There is a lot of joy derived from winning in sport. From both an individual and team perspective, there can be a real sense of satisfaction that all of your personal sacrifice has been worthwhile.
However numerous athletes in individual sports have stated that achieving their ultimate goal often gave much less satisfaction than what they would have thought. British cyclist and Olympic gold medallist Victoria Pendleton said that winning the gold medal at the Olympics gave her very little joy. She stated that she felt uncomfortable on the podium and that her feelings experienced weren’t ones of over-riding joy as she expected.
To help us understand this we can look at the two types of motivation; intrinsic and extrinsic. Intrinsic motivation is one that is inherently enjoyable to the individual (Ryan and Deci, 2000) while extrinsic motivation is motivation that is driven by an external outcome such as winning a trophy or adulation from the crowd. Some players are more intrinsically motivated than others and enjoy the sport for sport sake. However, Victoria stated afterwards that she trained extremely hard to prove her value to others (coaches and father) and this was her main motivation; she was never doing it for herself. While almost we all enjoy the extrinsic reward that comes with lifting a trophy and being part of a winning team, Victoria may have been simply emotionally drained from the rigours of the previous months and years exertions and was simply just finally feeling justified that she no longer had to prove anything to anybody.
Other reasons may also explain her absent feelings of joy. Within a team setting there is often more scope for intrinsic enjoyment of the activity due to the social factor and friendships formed throughout the process. While intrinsic motivation can also apply within individual sports, there is less scope for opportunities to share experiences due to the nature of the disciplines. As such, Victoria Pendleton’s perceived lack of joy may be due to a lack of sharing that is very prevalent in team sports where success is shared among friends who have worked hard for each other.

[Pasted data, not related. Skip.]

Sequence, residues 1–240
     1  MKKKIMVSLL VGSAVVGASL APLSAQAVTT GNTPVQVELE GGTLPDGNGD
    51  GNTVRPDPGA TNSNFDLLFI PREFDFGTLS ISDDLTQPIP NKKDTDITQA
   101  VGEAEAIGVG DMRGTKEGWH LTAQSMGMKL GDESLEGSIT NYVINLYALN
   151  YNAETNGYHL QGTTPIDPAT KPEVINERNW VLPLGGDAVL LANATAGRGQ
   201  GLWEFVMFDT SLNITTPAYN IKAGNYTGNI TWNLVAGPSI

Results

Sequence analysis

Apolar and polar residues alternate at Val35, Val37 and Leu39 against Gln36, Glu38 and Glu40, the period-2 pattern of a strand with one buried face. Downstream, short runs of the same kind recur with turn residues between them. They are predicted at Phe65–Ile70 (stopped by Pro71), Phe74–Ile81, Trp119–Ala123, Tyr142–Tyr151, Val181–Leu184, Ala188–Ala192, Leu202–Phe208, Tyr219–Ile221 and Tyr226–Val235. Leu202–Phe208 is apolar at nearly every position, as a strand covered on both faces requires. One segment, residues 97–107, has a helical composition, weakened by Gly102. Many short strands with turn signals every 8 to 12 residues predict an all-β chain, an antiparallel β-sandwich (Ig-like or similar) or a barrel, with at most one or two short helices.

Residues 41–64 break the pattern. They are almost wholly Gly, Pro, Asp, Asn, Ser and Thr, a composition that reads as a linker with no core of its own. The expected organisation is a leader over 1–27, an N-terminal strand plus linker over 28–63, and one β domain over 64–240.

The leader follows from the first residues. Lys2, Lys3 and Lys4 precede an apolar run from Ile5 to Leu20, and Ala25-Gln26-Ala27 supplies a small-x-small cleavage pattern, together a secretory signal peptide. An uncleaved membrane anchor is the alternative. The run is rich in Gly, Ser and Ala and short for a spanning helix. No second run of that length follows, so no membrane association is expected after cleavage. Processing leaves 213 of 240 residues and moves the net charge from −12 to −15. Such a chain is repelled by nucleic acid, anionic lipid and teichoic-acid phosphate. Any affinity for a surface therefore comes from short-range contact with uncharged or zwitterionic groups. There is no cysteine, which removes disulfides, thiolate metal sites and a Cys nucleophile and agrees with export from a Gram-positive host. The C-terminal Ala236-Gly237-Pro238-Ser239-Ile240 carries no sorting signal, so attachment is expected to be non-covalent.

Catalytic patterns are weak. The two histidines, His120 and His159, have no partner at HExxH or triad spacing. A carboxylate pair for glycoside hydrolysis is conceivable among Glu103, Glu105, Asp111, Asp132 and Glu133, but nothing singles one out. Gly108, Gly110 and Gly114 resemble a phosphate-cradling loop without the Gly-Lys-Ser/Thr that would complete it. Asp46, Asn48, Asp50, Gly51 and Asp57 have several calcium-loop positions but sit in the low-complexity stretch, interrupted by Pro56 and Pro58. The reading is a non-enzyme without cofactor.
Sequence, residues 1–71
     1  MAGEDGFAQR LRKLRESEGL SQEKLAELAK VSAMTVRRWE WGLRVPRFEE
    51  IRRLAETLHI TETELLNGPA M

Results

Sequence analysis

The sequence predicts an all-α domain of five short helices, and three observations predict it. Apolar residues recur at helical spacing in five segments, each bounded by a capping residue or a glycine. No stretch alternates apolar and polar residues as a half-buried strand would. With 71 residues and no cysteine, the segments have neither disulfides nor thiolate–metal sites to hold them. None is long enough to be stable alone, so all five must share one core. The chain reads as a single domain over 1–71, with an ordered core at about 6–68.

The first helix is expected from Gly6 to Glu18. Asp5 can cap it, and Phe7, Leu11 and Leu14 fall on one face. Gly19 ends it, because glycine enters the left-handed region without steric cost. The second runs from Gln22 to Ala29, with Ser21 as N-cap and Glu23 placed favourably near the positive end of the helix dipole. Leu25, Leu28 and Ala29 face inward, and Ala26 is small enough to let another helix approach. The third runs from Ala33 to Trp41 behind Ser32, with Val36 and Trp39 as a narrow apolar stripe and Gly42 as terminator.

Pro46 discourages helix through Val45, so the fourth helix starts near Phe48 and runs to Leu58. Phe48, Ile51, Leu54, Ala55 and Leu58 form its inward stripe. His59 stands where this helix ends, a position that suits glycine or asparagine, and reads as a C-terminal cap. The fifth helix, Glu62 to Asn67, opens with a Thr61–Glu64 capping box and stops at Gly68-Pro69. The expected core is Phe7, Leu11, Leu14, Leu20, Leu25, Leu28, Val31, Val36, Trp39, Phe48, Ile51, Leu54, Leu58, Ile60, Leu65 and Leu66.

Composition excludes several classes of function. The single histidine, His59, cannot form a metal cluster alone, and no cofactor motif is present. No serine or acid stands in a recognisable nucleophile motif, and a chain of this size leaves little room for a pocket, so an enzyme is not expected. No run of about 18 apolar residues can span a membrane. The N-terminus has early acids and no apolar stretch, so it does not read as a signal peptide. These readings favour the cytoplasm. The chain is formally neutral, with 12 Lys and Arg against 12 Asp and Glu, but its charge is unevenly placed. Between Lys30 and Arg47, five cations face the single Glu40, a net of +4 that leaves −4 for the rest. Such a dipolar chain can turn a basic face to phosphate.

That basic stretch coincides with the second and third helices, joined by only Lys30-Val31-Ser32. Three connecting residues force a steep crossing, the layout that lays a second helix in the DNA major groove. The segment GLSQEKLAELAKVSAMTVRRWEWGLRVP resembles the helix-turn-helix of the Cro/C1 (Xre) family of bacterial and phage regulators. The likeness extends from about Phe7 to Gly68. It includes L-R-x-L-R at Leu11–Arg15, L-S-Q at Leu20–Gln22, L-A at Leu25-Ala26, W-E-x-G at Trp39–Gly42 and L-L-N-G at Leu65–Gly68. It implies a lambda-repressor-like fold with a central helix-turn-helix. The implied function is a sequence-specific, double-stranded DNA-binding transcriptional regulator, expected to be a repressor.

Hence, the nature of the group dynamic is very important in striving towards success and may be very easily influenced by the type of leadership (see leadership articles) elicited by the coach and coaching staff. A weak group dynamic may be generated between athlete / team and coaching staff in both individual or team oriented sports through mismanagement and inappropriate leadership style. Here, athlete’s can feel disenfranchised, impacting negatively on team morale and reducing the chances of team or individual success. This is not to say that criticism should never be used. When used however, it should criticize behaviours and not athletes personally as this can often back fire as players become disillusioned with being criticized and become de-motivated (Keegan et al., 2009).
However, when success is achieved in a team environment, there is certainly a large feel good factor due to the whole socialisation process that occurs in achieving such success. This is often a by-product of good management, and athlete/ player responsibility, where athletes perform their roles to the best of their ability for the good of the group and accordingly, increasing the likelihood of success.
There is no place better to be than in a winners dressing room, sharing your success with a bunch of friends that have set their goals and targets and worked hard to achieve them. Whether it is at local league level or high performance international level, the feelings are the same; joy, elation, relief, celebration and pure satisfaction that you have mastered the challenges set by the opposing teams. It is a fantastic feeling of satisfaction when you finally return victorious to your dressing room when you can look your team-mates in the eye and recognise that they have worked as hard as they can to achieve what they set out to achieve. Isn’t this why we play sport?
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About Keith Begley
I am a performance and mental skills coach based in Ireland. I hold an MSc in Applied Sport and Exercise Psychology from the Institute for Psychology of Elite Performance (IPEP) at University of Wales, Bangor (2012).